“Human metabolism follows a daily rhythm, with our hormones, enzymes and digestive systems primed for food intake in the morning and afternoon. Many people, however, snack and graze from roughly the time they wake up until shortly before they go to bed.” — Anahad O’Connor

If you can eat within this timeframe, you can optimize both your circadian rhythm and your health in general, and this protocol can have a good impact on fat loss. Our bodies like to eat on a consistent schedule, and especially when the sun is up. Eating out of congruence with this pattern can lead to sub-optimal health and fat gain.

“It is hard enough for the body to monitor hormones, genes, and clocks for someone with a strict eating routine. But when eating occurs at random times throughout the day and night, the fat-making process stays on all the time.” — Dr. Satchin Panda


Reduce your eating window
Figure out an eating schedule that works for you that involves a maximum of a 12 hour feeding window. For example, if you want to eat breakfast at 8am, make sure you have your last bite of the day by 8pm. Try to line this up with when the sun is up.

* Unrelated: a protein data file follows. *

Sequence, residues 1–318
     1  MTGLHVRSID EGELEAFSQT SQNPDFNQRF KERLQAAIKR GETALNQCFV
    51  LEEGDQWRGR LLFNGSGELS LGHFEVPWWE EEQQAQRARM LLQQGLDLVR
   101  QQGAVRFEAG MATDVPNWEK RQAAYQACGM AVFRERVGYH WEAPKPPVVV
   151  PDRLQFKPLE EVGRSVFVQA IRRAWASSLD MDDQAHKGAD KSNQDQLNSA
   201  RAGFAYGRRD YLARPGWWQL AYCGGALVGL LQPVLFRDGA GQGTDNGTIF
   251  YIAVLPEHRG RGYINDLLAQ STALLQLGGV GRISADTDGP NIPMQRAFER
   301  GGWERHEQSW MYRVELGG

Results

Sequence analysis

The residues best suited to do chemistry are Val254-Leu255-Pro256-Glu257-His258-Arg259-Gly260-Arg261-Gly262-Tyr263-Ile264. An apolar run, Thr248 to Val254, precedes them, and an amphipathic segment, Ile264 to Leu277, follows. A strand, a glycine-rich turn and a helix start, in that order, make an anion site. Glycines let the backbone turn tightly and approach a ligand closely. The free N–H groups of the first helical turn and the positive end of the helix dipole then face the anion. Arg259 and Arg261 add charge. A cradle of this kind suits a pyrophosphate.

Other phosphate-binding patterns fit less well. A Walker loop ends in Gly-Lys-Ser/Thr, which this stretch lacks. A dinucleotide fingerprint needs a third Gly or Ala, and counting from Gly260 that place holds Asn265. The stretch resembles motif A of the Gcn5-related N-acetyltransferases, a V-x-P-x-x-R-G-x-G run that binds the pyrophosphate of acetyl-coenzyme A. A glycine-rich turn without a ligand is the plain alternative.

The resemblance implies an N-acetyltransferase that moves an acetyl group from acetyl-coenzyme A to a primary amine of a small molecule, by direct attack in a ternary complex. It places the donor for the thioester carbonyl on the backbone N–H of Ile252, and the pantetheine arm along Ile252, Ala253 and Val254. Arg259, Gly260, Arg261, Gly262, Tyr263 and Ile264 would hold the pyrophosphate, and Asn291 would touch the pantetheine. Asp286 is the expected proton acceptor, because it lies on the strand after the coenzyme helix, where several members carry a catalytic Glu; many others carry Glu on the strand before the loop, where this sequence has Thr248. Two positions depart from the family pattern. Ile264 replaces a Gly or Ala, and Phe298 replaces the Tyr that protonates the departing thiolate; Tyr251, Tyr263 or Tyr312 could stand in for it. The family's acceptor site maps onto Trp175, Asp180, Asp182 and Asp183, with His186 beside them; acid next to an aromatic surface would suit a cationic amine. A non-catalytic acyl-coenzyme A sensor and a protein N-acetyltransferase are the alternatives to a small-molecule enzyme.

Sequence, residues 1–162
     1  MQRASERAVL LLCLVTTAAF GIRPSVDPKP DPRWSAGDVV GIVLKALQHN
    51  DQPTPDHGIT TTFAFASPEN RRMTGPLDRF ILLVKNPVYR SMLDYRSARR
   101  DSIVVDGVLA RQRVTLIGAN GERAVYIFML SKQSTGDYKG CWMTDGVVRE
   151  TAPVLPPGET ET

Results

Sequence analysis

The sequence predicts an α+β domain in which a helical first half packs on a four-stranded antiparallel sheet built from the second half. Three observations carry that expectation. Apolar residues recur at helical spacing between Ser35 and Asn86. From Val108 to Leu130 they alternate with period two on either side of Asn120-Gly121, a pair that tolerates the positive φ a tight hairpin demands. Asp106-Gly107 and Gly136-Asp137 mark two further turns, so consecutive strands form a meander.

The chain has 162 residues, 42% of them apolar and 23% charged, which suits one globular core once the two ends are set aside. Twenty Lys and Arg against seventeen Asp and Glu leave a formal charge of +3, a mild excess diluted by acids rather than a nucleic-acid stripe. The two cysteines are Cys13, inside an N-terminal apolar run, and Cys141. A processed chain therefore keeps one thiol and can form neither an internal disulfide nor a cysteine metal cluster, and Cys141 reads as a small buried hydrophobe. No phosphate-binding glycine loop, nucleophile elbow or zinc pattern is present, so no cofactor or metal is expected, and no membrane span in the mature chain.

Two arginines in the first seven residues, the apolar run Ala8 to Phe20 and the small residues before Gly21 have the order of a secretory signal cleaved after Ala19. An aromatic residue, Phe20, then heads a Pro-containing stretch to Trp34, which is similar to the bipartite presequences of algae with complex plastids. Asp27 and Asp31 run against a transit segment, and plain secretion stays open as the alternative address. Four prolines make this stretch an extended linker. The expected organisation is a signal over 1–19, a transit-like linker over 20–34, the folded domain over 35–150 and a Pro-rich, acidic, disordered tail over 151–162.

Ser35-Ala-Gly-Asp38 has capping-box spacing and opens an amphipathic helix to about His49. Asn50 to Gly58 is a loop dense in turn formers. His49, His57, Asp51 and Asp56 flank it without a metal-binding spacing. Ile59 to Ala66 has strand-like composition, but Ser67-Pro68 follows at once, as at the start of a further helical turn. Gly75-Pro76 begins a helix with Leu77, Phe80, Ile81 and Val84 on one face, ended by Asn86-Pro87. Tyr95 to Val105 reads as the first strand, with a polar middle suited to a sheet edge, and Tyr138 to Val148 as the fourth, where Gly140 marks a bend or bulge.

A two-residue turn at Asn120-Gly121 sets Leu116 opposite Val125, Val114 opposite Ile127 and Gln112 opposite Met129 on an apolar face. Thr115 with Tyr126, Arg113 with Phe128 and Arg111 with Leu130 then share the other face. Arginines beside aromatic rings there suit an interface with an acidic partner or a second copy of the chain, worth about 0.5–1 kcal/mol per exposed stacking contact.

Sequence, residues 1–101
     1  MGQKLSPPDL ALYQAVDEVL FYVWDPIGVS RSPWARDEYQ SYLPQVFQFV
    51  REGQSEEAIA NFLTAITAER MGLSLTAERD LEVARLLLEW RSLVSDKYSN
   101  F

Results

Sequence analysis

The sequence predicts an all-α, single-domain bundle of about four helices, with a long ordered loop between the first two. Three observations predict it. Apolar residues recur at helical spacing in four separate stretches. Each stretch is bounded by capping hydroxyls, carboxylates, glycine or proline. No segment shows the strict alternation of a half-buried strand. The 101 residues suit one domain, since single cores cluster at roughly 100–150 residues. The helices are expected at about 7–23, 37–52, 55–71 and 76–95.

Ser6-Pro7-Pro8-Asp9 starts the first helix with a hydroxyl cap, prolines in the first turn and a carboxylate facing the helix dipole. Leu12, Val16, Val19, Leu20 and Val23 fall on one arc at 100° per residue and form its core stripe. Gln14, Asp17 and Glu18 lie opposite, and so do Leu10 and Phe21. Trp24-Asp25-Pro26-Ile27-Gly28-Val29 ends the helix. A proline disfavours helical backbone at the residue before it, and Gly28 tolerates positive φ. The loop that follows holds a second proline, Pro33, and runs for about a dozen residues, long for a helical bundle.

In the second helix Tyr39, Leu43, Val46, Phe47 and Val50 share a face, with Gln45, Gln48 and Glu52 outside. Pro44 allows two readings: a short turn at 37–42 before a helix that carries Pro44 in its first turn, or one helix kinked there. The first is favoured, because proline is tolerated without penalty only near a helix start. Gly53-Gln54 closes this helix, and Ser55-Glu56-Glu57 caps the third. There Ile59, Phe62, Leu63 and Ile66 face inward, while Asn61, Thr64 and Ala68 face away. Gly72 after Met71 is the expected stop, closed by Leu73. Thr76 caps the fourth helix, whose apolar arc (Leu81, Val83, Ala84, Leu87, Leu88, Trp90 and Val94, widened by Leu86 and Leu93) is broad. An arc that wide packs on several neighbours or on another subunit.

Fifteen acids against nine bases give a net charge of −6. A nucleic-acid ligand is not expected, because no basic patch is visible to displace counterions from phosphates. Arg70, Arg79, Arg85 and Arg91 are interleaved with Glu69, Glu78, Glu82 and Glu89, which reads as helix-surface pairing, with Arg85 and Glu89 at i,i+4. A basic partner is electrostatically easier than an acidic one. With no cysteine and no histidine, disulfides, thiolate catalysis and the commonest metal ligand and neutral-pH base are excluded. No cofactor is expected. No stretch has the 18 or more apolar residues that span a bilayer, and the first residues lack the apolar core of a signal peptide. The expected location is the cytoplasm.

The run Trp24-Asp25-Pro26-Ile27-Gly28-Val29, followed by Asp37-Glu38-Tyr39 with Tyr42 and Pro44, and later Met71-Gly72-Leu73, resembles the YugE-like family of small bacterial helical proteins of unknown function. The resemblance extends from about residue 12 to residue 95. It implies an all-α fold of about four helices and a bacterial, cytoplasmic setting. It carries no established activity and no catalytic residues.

Eat at the same time, every day
Figure out when you want to eat breakfast, and eat breakfast at this time every single day, even on weekends. Similarly, figure out a lunch and dinner time that work for you, and stick with these every day.

Have your last bite at least 2 hours before sleeping
Finish eating and drinking (except water) at least two hours before going to bed, and ideally 3–4 hours before sleeping.

3. Low-level movement all day

Our bodies were not made to be still for long periods of time.

Low level activity mimics how our ancestors would have lived, spending much of the day walking, foraging, hunting, and building, among other things. They rarely sat down for long periods of time. We were not built to sit.

Incorporating low-level activity throughout your day is important for so many reasons. Firstly, we all know that sitting for prolonged periods is bad for us. It’s important to break up periods of sitting with movement. Ideally, for every 25–30 minutes that you sit, you should move for 5 minutes. But at an absolute minimum, get up every hour.

But this practice also has an impact on our body fat. Moving often increases metabolic efficiency — meaning your metabolism will work better and the body will use its energy stores, i.e. fat, more effectively.

Ben Greenfield explains why he is always moving, even when he’s working: